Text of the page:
Virtual screening of "Picture A Scientist"
The Dana-Farber/Harvard Cancer Center’s CURE Program is pleased to host a virtual screening of Picture A Scientist (https://www.pictureascientist.com/) from Sunday, Dec 27 to Saturday, January 2. The goal of the film is to raise visibility around critical issues of diversity in science and invite scientists and students interested in STEM careers into a deeper conversation about how to make science more inclusive for all.
We hope you will take time to watch this (details on how to register for the screening included below) and encourage your colleagues to do so as well. Also join us on Tuesday, Jan 5, 2021 at 5pm EST for a post-screening discussion. Follow this link to register.
Questions about the screening or post-screening discussion can be directed to firstname.lastname@example.org.
PICTURE A SCIENTIST
About the Film (https://www.pictureascientist.com/)
The independent documentary follows a groundswell of researchers who are writing a new chapter for women scientists. The goal of the film is to raise visibility around critical issues of diversity in science and invite scientists into a deeper conversation about how to make science more inclusive for all.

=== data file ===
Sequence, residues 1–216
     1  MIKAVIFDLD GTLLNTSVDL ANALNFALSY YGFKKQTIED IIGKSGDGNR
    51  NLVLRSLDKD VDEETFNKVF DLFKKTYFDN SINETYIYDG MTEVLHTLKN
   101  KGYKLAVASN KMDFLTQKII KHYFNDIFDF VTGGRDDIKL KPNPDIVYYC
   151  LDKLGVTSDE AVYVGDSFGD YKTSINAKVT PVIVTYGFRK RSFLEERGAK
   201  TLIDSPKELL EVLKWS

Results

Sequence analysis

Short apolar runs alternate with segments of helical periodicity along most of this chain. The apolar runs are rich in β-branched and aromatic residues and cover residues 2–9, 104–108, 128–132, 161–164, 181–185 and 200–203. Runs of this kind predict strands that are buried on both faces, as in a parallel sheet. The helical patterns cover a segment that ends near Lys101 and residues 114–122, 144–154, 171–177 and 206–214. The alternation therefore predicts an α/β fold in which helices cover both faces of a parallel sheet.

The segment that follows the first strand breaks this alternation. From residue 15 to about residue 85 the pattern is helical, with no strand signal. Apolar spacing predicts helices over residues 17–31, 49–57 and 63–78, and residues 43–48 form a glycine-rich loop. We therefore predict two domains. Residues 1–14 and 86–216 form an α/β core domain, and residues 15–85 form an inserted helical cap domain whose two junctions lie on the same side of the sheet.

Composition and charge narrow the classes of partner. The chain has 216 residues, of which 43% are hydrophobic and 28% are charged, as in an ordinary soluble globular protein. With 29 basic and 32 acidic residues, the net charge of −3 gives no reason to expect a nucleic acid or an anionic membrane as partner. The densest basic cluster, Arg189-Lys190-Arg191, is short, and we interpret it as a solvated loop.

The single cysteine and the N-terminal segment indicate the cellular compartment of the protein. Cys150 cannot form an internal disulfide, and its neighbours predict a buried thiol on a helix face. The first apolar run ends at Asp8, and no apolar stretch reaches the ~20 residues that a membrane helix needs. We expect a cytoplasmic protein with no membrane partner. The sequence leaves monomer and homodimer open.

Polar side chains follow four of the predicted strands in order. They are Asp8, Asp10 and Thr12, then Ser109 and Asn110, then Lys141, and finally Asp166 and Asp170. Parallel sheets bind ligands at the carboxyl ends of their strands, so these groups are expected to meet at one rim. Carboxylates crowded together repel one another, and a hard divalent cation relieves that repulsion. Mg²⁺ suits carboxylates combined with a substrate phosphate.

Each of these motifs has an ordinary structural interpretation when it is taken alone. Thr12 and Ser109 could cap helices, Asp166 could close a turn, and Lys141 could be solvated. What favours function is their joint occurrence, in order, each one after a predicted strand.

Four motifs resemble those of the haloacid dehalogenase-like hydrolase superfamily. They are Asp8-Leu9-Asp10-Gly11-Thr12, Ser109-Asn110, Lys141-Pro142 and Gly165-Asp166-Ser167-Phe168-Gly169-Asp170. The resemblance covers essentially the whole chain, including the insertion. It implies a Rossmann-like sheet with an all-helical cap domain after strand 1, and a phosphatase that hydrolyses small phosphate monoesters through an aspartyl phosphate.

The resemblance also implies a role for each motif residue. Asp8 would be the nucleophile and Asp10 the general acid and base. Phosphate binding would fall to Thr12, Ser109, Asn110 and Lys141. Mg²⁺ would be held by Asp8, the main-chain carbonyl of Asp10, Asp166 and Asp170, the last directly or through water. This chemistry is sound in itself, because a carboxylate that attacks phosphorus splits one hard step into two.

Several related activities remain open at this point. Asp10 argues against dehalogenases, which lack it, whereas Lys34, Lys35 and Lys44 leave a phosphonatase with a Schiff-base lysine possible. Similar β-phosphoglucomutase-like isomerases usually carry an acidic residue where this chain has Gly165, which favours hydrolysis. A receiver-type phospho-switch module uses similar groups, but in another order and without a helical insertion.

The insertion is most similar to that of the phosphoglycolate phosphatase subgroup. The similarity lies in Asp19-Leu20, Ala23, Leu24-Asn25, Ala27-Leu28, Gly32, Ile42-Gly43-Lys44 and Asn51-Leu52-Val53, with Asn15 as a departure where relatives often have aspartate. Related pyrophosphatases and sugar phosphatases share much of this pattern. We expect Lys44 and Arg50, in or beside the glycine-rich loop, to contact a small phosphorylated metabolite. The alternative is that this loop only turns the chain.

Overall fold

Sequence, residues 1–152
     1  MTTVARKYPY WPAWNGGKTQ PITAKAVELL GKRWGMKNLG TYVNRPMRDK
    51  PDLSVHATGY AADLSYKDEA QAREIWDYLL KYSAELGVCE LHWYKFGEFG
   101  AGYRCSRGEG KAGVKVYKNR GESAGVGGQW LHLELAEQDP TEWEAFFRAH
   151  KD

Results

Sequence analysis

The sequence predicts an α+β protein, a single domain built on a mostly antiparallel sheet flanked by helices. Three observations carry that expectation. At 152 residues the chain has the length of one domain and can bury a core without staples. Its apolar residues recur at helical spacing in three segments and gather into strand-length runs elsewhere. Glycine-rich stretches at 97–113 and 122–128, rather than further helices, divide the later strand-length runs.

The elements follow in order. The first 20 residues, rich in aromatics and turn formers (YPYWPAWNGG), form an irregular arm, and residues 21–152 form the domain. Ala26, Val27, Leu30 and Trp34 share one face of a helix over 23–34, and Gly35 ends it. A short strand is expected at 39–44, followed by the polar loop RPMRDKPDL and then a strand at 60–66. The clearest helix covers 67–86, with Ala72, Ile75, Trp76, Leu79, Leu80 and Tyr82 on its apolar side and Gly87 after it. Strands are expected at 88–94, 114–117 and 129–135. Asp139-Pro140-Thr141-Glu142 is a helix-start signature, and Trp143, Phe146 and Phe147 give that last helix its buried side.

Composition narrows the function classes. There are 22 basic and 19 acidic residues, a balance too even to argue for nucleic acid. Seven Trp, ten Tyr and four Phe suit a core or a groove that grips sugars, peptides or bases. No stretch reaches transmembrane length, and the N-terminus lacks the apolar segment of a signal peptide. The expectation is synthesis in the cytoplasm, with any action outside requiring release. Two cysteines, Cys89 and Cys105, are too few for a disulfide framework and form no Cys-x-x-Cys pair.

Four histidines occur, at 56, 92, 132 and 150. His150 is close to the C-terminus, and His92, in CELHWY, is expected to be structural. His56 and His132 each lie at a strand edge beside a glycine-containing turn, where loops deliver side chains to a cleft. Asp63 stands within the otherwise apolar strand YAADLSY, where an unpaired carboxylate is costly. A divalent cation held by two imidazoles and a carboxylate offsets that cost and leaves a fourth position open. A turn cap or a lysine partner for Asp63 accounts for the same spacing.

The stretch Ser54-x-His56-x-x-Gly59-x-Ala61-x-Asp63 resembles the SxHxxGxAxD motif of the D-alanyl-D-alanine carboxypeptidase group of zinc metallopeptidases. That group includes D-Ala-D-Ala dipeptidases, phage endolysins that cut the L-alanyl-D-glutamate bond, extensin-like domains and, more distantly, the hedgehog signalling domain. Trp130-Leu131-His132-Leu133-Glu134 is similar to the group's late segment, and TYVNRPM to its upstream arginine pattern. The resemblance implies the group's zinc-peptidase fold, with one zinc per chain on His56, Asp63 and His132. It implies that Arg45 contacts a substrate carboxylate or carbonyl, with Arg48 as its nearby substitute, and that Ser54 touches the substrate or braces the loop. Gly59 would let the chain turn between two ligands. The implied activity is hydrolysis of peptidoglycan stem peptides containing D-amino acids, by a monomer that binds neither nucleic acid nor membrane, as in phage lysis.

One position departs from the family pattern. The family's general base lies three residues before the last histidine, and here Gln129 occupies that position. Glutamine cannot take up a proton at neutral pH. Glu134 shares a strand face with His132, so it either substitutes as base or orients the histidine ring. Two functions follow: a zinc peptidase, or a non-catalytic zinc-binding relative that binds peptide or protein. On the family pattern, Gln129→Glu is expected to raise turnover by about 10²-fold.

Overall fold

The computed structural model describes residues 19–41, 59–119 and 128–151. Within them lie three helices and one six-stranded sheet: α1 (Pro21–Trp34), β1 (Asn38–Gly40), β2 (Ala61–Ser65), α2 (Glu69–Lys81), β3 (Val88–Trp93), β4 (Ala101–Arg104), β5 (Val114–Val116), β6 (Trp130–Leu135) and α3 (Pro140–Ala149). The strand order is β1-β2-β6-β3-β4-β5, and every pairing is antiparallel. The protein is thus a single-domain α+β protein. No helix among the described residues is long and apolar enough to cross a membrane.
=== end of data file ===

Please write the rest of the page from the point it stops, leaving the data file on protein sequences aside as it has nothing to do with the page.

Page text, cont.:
Featuring geologist Jane Willenbring, chemist Raychelle Burks, and biologist Nancy Hopkins, as well as key social scientists working to understand and reduce gender bias in the sciences, Picture a Scientist brings diversity in science into sharp view at a critical time. For too long, women and other minorities in science have been left out or driven out, stymied by a system of harassment, discrimination, and general bias. “Any impediment to advancing minorities in science is an impediment to science itself,” says Sharon Shattuck, co-director of Picture a Scientist.
Scheduled to premiere at the postponed 2020 Tribeca Film Festival, Picture a Scientist paints a nuanced, emotional but unflinching portrait of the struggles women in science have faced, in recent decades up to today. The film challenges audiences of all backgrounds and genders to question their own implicit biases and move toward change.
How to watch “Picture a Scientist”